Thus it was officially and legally made clear to Kashmir that only the Gilgit Wazarat formed part of the State, and nothing else.
Even in terms of the Kashmir ‘suzerainty’ over Hunza and Nagar, the Government of India noted that it was mostly ceremonial. For example, it was recorded in 1881 that ‘Since 1869 Ghazan Khan (of Hunza) has been in receipt of a yearly subsidy of Rs. 2000 from Jammu, nominally in return for allegiance but it is really paid as blackmail to prevent him from making raids into Gilgit territory…owning to the defiant nature of their country, they have successfully resisted every attempt to subdue them by the Kashmir Government.
‘ The Foreign Department of the Government of India further reminded the Kashmir Durbar that their relations with the states of Hunza and Nagar were not independent of the British and that ‘the control…was political and acquired with the concurrence, encouragement or aid of the British Government, and involved external relations with these territories.’ Thus, except for the Gilgit Wazarat, Kashmir Government had no claim on any of the other territories which formed part of the Gilgit Agency.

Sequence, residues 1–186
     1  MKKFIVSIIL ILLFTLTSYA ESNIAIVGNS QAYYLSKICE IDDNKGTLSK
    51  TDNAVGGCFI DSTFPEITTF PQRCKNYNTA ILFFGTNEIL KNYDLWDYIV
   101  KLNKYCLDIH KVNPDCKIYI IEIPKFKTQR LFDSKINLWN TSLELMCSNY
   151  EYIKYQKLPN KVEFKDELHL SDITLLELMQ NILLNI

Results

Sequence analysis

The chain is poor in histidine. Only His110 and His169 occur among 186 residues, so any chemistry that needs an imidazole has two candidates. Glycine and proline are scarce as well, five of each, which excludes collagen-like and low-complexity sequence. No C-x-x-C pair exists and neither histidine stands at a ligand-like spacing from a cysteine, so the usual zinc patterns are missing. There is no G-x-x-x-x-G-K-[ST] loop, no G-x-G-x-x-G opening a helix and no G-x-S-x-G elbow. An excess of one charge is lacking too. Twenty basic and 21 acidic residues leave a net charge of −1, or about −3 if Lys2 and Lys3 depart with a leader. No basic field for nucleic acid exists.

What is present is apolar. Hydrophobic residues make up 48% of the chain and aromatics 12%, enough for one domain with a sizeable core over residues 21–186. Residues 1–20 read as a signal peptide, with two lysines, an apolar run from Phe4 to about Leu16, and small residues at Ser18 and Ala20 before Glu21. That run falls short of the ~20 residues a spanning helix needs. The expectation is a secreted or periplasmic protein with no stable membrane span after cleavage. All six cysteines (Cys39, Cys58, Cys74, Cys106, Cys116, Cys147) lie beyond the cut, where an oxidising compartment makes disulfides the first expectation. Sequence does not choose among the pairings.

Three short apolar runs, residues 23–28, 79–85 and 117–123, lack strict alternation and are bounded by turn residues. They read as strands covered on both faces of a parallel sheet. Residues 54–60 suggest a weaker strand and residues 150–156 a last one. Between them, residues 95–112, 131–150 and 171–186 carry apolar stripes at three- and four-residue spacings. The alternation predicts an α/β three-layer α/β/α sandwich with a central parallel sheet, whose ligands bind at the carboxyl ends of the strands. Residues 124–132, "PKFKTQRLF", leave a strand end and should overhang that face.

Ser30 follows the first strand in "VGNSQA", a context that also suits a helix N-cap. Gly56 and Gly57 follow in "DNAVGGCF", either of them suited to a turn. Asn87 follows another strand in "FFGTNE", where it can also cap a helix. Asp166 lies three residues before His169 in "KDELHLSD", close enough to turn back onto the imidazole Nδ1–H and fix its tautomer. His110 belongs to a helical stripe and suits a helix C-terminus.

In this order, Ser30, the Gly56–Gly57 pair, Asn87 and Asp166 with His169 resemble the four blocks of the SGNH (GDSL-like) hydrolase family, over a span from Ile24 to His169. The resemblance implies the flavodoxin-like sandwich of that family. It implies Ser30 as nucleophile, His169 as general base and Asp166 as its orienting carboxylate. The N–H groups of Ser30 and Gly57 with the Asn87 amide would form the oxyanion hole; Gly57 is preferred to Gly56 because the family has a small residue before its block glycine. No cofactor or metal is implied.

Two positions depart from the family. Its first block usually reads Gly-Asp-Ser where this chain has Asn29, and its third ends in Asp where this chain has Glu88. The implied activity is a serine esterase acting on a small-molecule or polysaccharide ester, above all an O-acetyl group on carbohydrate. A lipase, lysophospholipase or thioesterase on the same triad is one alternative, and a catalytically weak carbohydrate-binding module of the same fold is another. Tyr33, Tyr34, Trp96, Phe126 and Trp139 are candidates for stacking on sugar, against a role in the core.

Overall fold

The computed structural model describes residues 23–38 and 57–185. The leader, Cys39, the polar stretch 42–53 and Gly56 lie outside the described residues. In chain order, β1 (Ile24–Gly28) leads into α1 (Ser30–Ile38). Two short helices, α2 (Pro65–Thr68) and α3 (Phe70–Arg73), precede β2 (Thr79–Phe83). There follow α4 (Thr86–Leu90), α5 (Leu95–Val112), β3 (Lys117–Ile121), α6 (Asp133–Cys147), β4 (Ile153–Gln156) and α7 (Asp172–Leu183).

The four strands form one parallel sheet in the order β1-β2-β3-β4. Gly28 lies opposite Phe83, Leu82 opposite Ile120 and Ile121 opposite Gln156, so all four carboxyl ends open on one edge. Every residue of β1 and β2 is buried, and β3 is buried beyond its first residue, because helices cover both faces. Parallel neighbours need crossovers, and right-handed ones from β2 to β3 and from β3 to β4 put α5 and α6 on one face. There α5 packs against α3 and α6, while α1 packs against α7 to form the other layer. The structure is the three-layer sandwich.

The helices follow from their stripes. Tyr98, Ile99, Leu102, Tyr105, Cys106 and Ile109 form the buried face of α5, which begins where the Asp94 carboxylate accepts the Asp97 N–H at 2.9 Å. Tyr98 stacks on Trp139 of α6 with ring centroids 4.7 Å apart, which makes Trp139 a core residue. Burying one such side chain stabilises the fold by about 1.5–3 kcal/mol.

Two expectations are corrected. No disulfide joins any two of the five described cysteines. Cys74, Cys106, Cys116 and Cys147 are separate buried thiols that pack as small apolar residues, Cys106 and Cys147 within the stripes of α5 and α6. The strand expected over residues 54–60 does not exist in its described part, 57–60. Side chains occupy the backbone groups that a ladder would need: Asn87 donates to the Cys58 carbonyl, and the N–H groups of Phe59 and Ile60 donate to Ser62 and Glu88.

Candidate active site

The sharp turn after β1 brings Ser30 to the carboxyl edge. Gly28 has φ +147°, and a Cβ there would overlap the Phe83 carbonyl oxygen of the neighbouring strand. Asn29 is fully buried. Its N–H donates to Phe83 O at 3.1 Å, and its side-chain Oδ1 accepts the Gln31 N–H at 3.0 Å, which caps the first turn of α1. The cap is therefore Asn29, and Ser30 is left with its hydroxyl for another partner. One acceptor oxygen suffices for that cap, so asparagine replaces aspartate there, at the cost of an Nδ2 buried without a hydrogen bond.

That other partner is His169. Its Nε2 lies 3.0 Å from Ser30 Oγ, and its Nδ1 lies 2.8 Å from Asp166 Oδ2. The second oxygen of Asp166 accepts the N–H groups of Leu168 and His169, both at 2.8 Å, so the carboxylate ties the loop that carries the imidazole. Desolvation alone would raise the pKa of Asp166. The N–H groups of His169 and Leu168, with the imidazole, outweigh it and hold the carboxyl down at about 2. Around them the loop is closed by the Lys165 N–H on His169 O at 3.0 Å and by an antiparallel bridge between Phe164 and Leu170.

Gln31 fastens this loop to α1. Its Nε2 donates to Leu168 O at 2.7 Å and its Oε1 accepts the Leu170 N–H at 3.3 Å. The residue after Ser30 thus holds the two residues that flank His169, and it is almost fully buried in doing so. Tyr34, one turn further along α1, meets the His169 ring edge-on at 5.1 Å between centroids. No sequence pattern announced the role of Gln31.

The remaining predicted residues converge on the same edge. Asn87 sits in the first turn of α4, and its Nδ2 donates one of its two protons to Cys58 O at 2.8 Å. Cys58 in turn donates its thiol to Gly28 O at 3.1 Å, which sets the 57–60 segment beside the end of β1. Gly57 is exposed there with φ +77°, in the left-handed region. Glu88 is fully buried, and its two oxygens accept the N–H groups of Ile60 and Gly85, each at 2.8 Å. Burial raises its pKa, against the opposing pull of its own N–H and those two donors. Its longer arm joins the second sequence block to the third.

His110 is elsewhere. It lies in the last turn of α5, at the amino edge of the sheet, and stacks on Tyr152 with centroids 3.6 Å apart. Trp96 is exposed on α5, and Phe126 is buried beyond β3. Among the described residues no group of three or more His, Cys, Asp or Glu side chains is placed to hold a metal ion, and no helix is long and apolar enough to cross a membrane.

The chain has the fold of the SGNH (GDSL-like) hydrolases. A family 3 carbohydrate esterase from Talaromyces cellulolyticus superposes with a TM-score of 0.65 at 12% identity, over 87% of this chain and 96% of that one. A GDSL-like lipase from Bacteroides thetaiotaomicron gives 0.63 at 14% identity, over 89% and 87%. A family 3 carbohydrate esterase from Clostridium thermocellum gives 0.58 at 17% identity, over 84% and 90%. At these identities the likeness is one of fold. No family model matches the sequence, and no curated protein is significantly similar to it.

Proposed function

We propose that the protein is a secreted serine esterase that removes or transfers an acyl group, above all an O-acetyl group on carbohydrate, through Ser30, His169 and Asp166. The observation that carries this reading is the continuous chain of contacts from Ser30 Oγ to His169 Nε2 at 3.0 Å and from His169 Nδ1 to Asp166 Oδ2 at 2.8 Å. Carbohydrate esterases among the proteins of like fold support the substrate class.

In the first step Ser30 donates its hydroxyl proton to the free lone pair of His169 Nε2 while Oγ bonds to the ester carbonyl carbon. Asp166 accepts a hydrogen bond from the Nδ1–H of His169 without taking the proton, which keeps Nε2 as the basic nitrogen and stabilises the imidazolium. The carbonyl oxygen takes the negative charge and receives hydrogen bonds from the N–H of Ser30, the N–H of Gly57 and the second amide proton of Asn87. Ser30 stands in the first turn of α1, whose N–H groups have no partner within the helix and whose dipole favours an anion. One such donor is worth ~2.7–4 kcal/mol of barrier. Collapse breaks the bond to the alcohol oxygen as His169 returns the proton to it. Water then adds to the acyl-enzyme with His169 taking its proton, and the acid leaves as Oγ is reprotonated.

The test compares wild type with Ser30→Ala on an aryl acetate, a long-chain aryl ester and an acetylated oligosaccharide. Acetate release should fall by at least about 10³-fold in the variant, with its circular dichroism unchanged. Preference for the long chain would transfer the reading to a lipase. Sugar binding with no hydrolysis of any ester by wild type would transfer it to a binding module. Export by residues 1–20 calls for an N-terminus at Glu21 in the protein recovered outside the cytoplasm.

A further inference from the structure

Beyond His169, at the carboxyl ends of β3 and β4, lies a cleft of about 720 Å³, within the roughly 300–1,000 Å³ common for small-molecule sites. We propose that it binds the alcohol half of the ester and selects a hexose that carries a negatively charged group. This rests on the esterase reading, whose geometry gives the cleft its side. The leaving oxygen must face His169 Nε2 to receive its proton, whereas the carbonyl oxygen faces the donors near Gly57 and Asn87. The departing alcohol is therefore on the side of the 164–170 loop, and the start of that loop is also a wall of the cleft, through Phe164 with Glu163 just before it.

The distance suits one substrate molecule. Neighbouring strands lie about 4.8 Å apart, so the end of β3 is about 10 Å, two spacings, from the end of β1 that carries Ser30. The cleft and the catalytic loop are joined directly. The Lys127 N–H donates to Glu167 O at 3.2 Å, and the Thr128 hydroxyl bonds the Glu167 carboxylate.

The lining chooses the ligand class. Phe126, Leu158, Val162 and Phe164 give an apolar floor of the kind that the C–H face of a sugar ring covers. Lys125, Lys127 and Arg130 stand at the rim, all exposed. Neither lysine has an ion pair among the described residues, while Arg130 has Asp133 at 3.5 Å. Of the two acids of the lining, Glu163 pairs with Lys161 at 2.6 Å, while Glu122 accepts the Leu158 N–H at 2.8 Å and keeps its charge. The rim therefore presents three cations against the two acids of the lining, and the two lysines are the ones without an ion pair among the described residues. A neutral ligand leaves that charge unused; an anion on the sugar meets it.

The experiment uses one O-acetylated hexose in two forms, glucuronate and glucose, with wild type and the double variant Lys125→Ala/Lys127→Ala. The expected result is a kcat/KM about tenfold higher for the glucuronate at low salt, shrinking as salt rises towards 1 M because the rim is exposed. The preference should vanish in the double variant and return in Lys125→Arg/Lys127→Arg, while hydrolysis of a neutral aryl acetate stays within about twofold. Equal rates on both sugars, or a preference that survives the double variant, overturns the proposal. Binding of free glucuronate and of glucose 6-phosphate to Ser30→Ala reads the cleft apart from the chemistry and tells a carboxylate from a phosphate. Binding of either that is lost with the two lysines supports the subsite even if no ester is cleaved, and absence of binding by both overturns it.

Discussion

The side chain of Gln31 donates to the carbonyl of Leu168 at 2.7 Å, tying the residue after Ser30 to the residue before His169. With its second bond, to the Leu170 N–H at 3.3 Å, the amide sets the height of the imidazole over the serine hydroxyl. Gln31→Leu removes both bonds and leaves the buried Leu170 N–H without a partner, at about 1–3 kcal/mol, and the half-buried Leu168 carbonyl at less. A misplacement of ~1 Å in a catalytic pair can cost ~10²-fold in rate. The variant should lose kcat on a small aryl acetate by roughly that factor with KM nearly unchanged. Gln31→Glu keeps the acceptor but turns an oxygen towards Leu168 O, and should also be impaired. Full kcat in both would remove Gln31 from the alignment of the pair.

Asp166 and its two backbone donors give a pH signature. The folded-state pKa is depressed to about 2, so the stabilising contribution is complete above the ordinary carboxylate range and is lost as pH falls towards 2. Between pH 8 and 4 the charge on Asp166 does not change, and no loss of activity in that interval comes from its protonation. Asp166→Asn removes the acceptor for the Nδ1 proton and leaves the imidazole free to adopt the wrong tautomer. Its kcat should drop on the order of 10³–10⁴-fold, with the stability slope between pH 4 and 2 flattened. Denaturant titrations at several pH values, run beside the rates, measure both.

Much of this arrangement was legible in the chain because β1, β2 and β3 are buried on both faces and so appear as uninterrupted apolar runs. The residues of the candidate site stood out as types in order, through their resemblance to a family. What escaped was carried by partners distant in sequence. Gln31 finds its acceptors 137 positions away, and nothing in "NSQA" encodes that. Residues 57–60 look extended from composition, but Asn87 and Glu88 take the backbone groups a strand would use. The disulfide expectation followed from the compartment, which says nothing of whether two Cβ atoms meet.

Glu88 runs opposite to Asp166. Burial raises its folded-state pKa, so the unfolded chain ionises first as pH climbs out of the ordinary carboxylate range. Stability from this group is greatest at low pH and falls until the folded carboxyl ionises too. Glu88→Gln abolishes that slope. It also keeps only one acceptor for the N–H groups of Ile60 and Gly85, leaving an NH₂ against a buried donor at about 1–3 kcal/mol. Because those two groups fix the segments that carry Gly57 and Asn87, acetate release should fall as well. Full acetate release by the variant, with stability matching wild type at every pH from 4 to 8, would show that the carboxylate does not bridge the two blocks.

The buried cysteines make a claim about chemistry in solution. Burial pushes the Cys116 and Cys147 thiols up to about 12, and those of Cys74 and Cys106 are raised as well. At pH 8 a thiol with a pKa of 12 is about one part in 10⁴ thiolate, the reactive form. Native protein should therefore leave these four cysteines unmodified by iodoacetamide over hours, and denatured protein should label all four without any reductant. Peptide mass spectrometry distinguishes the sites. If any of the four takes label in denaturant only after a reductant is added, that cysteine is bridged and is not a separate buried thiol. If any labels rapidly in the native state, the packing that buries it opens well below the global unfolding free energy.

When the date of the Transfer of Power in August 1947 neared, the British began to end their operations in the princely states as they would all become legally independent countries with the ‘Lapse of Paramountcy’ on August 15, 1947. Thus, it was decided to terminate the leases on territories taken from various princely states so that the states could assume control.
This plan involved that on D-Day, Mathieson would keep control of Chilas and confront the Jammu and Kashmir State forces at Bunji, with the hope that their Muslim contingent would mutiny
In 1947, there were three such leased territories: Gigilt Wazarat had been leased from Kashmir, Berar had been leased from Hyderabad, and Quetta, Nushki and Nasirabad had been leased from Kalat. However, it is very interesting to note that only the Gilgit lease was actually terminated by the Last Viceroy of India Lord Mountbatten, while the decision on both the other leases was left to the successor governments.